Left open and unzipped, the zips provide a bit of weight to help the fabric drape (ha – I like to believe this is similar to Chanel’s chain on the bottom of a jacket – dream on….).

Zip 1 – short centre fronts. Zip 2 – bottom right edge matching with a right hand side princess seam location. Zip 3 – 45 degrees on right hand side and shoulder width on left.


All the zips zip into one another; that is, zip 1 will zip into zip 2; zip 2 will zip into zip 3 and so on. This multitude of zips allows for a multitude of closure options; exaggeration of the draped front and hemline, cowl necklines, loose or square body shape.


Zip 3 zipping into zip 3 pulls and is quite difficult to do up so I might have to rethink the position of these ones. However, I can close zip 1 with zip 2 or zip 3 for yet more variations.


If zips do not provide enough variations for your taste, then add a sewn brooch to merely clip various points of the jacket closed to suit your mood and the weather conditions.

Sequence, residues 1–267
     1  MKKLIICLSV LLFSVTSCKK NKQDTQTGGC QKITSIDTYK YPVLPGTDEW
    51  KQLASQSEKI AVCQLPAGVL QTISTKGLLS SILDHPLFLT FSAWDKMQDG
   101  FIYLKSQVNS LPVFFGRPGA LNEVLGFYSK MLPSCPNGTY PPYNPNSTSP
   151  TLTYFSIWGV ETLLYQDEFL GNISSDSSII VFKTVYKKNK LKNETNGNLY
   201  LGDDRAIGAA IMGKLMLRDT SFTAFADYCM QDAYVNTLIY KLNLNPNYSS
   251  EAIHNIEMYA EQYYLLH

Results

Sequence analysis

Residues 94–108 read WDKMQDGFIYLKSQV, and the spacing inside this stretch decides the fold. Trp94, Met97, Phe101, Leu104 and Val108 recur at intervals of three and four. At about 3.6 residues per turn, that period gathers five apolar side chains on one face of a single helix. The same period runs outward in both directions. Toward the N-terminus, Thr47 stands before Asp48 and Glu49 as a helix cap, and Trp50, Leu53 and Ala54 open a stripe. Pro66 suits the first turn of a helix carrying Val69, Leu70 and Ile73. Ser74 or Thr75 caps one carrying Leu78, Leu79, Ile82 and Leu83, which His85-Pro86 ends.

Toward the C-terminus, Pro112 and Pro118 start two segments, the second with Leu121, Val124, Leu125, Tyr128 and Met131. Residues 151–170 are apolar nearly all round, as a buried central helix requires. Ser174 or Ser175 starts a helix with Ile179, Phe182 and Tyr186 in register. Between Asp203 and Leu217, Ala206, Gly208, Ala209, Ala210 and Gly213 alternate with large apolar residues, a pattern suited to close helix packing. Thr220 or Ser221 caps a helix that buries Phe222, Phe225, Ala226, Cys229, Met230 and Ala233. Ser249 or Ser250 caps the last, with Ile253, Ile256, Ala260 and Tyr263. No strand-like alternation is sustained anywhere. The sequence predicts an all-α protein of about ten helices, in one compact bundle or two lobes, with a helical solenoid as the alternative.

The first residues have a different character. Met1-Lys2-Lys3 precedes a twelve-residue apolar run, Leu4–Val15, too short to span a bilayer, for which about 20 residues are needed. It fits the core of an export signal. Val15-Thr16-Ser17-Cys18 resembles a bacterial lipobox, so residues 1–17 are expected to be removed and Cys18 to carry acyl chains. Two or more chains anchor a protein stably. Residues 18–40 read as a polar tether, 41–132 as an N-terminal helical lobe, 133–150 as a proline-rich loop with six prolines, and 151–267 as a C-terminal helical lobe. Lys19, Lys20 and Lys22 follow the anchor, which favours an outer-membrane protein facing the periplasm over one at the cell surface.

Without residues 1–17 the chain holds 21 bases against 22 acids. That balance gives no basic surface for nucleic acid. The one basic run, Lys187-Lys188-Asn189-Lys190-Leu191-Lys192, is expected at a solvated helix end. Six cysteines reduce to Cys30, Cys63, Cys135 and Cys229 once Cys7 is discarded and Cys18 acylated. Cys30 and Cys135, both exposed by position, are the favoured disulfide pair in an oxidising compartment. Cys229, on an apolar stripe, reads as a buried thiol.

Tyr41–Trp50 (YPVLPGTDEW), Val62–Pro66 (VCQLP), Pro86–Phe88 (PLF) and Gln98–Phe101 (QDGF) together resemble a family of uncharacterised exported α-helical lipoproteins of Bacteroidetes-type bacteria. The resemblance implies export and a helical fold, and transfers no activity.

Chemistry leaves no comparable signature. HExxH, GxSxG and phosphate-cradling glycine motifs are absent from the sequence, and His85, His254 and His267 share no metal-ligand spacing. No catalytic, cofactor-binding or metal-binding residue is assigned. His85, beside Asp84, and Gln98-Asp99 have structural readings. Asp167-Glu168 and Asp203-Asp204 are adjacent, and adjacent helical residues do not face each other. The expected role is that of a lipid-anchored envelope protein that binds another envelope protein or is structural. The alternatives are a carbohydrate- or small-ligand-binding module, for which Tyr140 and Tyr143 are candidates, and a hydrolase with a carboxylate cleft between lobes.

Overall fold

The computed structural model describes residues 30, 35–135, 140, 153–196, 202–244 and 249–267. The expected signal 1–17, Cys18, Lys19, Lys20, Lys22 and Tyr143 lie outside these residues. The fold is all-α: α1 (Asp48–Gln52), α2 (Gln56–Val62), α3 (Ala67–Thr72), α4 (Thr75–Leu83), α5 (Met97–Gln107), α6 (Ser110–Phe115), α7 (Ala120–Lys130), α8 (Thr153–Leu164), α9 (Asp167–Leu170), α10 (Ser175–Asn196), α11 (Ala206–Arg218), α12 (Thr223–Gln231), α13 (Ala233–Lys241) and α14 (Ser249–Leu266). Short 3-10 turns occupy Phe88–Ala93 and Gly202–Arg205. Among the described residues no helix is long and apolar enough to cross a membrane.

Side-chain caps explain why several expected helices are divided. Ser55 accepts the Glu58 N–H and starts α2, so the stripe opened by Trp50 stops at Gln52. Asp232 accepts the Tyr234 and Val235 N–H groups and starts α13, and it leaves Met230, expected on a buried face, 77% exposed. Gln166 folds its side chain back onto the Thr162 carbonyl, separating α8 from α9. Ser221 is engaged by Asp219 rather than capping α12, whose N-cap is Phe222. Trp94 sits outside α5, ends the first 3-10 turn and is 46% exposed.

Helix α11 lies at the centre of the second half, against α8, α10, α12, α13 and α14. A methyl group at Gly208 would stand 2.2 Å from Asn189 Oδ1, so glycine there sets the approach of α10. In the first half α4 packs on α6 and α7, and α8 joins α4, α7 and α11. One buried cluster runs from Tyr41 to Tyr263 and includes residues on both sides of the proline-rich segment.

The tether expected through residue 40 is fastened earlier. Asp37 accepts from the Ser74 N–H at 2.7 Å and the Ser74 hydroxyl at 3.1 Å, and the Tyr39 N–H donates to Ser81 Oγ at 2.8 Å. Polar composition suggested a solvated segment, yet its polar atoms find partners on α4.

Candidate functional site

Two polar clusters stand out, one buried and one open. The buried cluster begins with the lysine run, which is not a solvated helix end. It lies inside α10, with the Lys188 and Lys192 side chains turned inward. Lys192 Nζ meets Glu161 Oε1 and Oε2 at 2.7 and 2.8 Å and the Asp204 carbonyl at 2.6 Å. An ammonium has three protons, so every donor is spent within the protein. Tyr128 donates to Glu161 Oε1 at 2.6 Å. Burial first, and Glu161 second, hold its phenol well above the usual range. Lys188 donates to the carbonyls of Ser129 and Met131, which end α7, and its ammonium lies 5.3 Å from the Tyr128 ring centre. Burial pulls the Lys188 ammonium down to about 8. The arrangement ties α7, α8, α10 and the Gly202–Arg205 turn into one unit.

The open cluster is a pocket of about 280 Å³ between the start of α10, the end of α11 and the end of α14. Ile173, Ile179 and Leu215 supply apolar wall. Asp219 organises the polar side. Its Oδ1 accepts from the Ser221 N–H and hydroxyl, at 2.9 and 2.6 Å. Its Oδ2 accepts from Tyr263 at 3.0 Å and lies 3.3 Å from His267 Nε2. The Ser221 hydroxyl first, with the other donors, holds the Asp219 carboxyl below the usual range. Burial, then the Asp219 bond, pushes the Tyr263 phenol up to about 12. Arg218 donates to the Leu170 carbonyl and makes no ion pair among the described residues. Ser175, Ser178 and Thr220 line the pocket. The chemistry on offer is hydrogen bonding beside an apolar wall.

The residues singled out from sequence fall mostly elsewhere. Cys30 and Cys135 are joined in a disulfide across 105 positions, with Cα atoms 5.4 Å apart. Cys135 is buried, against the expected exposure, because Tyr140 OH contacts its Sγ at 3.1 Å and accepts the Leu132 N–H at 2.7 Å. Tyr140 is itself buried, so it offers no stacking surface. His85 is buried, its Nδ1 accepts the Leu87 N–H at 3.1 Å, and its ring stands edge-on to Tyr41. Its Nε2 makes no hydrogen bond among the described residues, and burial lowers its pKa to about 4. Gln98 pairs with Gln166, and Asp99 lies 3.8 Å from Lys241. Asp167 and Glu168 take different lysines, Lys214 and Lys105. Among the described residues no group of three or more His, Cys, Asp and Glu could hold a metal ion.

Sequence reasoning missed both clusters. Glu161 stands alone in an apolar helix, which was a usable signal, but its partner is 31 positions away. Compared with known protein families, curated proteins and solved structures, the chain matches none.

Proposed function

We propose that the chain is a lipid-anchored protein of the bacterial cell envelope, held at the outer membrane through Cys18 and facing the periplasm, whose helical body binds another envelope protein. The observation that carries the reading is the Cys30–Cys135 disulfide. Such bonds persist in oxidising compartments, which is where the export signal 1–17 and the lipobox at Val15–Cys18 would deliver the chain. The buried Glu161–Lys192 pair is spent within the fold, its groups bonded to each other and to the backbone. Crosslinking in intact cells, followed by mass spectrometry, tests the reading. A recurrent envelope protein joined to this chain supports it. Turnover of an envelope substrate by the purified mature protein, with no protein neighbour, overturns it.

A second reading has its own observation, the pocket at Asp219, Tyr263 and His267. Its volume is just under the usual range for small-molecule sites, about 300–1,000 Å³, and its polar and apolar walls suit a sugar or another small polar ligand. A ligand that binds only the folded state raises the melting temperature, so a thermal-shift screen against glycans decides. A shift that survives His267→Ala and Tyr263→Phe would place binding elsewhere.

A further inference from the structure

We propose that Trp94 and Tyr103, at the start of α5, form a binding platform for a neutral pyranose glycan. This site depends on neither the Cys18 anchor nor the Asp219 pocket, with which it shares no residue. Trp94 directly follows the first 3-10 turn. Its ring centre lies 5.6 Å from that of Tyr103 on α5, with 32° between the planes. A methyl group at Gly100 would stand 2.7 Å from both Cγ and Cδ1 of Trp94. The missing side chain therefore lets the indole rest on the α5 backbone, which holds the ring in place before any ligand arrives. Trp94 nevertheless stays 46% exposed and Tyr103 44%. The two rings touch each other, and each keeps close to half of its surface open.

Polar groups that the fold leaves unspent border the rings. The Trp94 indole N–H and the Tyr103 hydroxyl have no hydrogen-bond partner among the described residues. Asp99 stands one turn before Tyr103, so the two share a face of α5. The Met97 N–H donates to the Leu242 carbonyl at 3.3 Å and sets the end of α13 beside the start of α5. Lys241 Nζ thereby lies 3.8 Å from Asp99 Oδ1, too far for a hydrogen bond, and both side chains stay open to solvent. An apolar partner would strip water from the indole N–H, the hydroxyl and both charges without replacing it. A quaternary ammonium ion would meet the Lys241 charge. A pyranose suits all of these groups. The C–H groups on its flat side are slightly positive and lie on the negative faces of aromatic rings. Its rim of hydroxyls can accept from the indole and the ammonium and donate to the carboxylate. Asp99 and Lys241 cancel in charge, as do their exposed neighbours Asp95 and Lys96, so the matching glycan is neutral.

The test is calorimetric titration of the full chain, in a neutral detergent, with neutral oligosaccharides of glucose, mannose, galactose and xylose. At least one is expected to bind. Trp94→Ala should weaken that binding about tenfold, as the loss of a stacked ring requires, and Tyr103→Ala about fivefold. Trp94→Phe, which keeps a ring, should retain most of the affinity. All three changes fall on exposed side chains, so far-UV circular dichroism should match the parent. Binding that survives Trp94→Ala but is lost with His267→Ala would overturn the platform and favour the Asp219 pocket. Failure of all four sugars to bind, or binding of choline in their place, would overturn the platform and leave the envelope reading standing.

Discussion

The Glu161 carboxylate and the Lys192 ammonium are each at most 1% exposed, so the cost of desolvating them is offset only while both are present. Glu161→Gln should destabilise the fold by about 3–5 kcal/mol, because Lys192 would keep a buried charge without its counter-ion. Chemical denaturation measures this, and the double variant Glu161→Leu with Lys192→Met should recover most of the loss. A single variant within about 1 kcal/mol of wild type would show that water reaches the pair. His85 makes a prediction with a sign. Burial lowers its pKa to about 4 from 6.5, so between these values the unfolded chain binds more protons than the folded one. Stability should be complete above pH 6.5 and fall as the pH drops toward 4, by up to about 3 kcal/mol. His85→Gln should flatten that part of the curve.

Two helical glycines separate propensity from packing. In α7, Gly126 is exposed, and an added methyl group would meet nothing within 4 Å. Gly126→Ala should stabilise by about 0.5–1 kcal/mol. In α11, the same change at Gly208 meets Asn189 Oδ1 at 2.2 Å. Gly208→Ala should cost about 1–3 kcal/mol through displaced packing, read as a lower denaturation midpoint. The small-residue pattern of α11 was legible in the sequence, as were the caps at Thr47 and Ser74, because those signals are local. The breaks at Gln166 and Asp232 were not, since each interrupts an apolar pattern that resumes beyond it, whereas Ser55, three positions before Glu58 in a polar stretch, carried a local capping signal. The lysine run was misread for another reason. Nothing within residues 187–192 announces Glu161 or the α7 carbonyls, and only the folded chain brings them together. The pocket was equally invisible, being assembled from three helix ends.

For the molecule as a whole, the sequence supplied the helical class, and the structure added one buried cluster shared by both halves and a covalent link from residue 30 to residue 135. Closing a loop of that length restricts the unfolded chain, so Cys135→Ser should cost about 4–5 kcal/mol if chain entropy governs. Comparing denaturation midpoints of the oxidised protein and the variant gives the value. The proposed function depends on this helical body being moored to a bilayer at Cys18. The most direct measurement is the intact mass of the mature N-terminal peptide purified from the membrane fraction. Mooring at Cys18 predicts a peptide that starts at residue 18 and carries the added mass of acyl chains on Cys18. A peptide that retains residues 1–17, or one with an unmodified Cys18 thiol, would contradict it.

But wait, that’s not all. Being very impressed with Julie’s jacket, I added a deep strip of leftover fabric to the back and sides of the jacket matching the raw edges to provide those covetous voluminous back pockets and I also managed to get two at the fronts too. They will be very handy to hold emergency rations such as Kendall Cake and Mars Bars.


And because this ‘pocket’ band is on a different grain there is a gentle shading that I always find attractive in unique clothes. Other waste selvedge cut offs were added to the sleeves as mock cuffs, adding weight and extra finishing.


I did experience the dreaded jersey wobble – which could be an acronym from suburban New York for cellulite but I mean the stitching of a zip to stretch fabric. Is there a remedy? I know I could have added interfacing but this is an unlined jacket and visual evidence of reinforcing would be unacceptable. All suggestions welcome for both problems……….DSCN7564